The most common bone fractures and tips on preventing them
Even with families staying closer to home this summer, fractures in kids are on the rise. Whether it is playing on a swing set, riding a bike or falling in the house, accidents happen.
"Bones are very strong, and have some flexibility," said Dr. Jill Larson, assistant professor of pediatric orthopaedic surgery at Ann and Robert H. Lurie Children's Hospital of Chicago, "but, under enough stress or pressure, they will break."
While there are well over 200 bones in a child's body, the most common fractures fall into five regions:
- The wrist or hand, which directly receives the force of the ground when a child naturally tries to break
- The forearm (radius and ulna). When falling onto an outstretched hand, the rotational forces that move through the forearm can cause both forearm bones to fracture at the same or different levels.
- The tibia bone in the lower part of the leg. These fractures can occur from either a direct or sideways pressure, but most commonly occur from a "twisting" force.
- The elbow. The most common area of the elbow to fracture is the distal end of the humerus (the bone that connects the shoulder to the elbow) in an area known as the supracondylar region.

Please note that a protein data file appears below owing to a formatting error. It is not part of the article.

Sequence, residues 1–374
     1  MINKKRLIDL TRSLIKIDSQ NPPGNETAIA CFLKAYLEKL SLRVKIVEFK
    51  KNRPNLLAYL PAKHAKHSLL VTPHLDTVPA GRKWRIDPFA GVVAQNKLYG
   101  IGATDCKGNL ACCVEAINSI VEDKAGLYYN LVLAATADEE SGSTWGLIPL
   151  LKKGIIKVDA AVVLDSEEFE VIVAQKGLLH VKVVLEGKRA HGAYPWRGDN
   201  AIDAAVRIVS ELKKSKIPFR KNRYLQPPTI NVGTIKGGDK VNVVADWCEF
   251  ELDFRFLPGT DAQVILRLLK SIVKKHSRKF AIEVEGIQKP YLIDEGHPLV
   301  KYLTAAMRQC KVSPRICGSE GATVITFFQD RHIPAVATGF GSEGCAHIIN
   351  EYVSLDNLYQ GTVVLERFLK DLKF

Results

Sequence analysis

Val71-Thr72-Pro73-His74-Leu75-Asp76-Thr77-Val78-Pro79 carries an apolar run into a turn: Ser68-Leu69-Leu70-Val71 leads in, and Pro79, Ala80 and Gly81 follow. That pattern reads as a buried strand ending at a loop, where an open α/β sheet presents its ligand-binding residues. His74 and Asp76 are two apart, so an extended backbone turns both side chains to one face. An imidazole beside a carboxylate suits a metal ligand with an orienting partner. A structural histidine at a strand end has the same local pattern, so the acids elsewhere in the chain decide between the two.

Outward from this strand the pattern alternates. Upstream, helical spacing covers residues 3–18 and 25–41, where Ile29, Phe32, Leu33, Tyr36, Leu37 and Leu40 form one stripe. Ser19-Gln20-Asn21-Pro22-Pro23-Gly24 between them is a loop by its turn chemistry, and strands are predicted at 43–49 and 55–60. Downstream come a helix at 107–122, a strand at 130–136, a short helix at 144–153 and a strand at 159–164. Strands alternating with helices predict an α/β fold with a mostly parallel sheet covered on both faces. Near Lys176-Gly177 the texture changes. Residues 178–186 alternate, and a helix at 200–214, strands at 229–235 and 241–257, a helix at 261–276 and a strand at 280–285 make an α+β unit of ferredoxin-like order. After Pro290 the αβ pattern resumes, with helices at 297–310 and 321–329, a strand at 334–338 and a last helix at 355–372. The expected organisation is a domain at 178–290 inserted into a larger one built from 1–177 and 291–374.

- The ankle. Rotational injures to the ankle can result in fractures or ankle sprains (ligamentous injuries). Both fractures and sprains can be painful with standing or walking and are associated with ankle swelling. An X-ray can help confirm if the ankle is fractured or sprained.
Some of these fractures are more common in certain age groups. For example, a non-displaced tibia fracture, or "toddler's fracture," is quite common in children aged 9 months to 3 years, and a fracture of the supracondylar humerus (elbow) is most likely in children younger than 8. Ankle fractures are more prevalent in older grade-schoolers or teenagers.
Regardless of the age, there are some things children and teens can do to help make their bones stronger and more resistant to fractures. Diets rich in calcium and other nutrients, along with regular physical activity of at least 35 to 60 minutes a day, can help build strong bones and allow children to maintain a healthy weight.
"Studies have shown that overweight or obese children have higher risk for fractures, primarily due to increased stress on the bones and secondarily due to inactivity," Larson said.
Additionally, Vitamin D is very important in building strong bones. When the weather is warmer, the sun can be a great source of Vitamin D, but in cooler months, it is critical to take a Vitamin D supplement.
Children in the Midwest should take up to 1000 IU (international units) of Vitamin D per day to prevent fractures.
"If your child is not a big milk drinker," Larson said, "then you may want to consider a calcium supplement, as well."
Overall, we know that accidents happen, but keeping our bones strong through diet, exercise and vitamin supplements are strategies to help minimize the risk of your child getting a fracture this summer season.
Children's health is a continuing series. This week's article is courtesy of the Ann and Robert H. Lurie Children's Hospital of Chicago.